London: Alexander Postan in association with The Tate Gallery, 1971.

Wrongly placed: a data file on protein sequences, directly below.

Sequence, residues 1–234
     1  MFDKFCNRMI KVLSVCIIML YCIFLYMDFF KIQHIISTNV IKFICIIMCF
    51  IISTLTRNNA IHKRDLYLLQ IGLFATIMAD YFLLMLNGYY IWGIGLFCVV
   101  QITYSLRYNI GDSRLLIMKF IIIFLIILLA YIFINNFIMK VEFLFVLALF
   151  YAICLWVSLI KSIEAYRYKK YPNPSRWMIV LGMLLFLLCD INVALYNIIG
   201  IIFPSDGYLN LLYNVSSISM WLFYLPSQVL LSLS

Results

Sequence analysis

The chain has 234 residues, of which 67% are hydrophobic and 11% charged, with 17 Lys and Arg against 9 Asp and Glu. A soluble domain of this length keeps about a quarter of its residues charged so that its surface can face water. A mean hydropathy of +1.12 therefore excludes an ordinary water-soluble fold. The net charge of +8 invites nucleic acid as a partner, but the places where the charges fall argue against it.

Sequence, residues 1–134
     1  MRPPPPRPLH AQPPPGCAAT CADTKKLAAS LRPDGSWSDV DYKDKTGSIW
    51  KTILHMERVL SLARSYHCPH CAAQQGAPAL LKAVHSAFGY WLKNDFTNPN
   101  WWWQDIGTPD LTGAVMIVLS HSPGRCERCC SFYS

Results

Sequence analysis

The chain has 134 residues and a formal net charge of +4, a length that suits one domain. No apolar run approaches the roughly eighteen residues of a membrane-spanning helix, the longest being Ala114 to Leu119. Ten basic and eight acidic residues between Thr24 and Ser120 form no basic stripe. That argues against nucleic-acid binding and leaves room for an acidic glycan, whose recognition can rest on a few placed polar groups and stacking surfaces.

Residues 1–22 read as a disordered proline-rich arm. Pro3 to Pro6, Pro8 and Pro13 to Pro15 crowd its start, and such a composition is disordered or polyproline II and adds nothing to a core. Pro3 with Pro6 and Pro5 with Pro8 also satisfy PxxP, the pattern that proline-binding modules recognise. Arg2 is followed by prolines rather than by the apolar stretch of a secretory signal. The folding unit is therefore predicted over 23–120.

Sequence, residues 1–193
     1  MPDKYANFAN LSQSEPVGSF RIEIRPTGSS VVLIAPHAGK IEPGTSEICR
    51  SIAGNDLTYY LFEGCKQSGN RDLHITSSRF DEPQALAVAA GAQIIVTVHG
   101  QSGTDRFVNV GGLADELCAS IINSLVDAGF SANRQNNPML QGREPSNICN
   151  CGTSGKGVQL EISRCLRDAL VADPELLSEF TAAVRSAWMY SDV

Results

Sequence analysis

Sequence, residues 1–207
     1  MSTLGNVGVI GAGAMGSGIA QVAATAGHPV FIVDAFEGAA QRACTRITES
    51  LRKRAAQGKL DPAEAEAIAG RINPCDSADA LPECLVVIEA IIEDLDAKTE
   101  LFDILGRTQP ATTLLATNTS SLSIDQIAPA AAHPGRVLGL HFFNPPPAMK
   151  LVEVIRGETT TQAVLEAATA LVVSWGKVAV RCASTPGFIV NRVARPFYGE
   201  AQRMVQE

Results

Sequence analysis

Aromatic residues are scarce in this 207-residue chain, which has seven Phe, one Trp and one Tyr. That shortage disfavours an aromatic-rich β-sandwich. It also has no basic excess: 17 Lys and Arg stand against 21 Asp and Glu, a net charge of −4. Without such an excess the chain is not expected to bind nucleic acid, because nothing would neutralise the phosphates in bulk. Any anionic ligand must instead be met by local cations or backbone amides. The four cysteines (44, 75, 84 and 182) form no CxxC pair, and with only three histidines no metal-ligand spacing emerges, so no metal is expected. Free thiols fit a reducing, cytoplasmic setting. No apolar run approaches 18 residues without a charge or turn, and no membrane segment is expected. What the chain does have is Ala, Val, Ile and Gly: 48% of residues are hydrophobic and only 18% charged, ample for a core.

Engraving on copper, c1923, printed on TH Saunders mould-made paper with full margins. Printed by Carol Korn at The Print Workshop, London. Mounted and held in buff-coloured presentation folder with titling. Also, loosely inserted, is a proof of the first state. 127 X 203 mm. with the blind stamp of the Paul Nash Trust. A Trustee of the Paul Nash Trust discovered the copper plate for this engraving by chance, dispelling former doubts on whether the artist had produced engravings on copper. The plate was clean and not worn indicating that few impressions, if any, had been taken from it. The Trust decided to issue a limited edition of impressions in conjunction with Alexander Postan Publishing and the Tate Gallery, where a retrospective exhibition took place. Following a severe breakdown in 1921, diagnosed as “war strain”, the artist and his wife, Margaret, rented a cottage at Dymchurch on the Kent coast. While recuperating Nash was drawn to this naturally mysterious landscape and began to incorporate abstraction into his work for the first time. This copy is from the library of Iain Stuart Bain (1934 – 2018) distinguished scholar, world authority of the wood engravings of Thomas Bewick and expert on printing techniques. He wrote extensively on the history of copper-plate printing and was Head of Publications at the Tate Gallery for twenty-two years. Indeed, Iain Bain may have overseen the printing of this plate which is why both the first state and the final state are included with this folder. Fine as issued.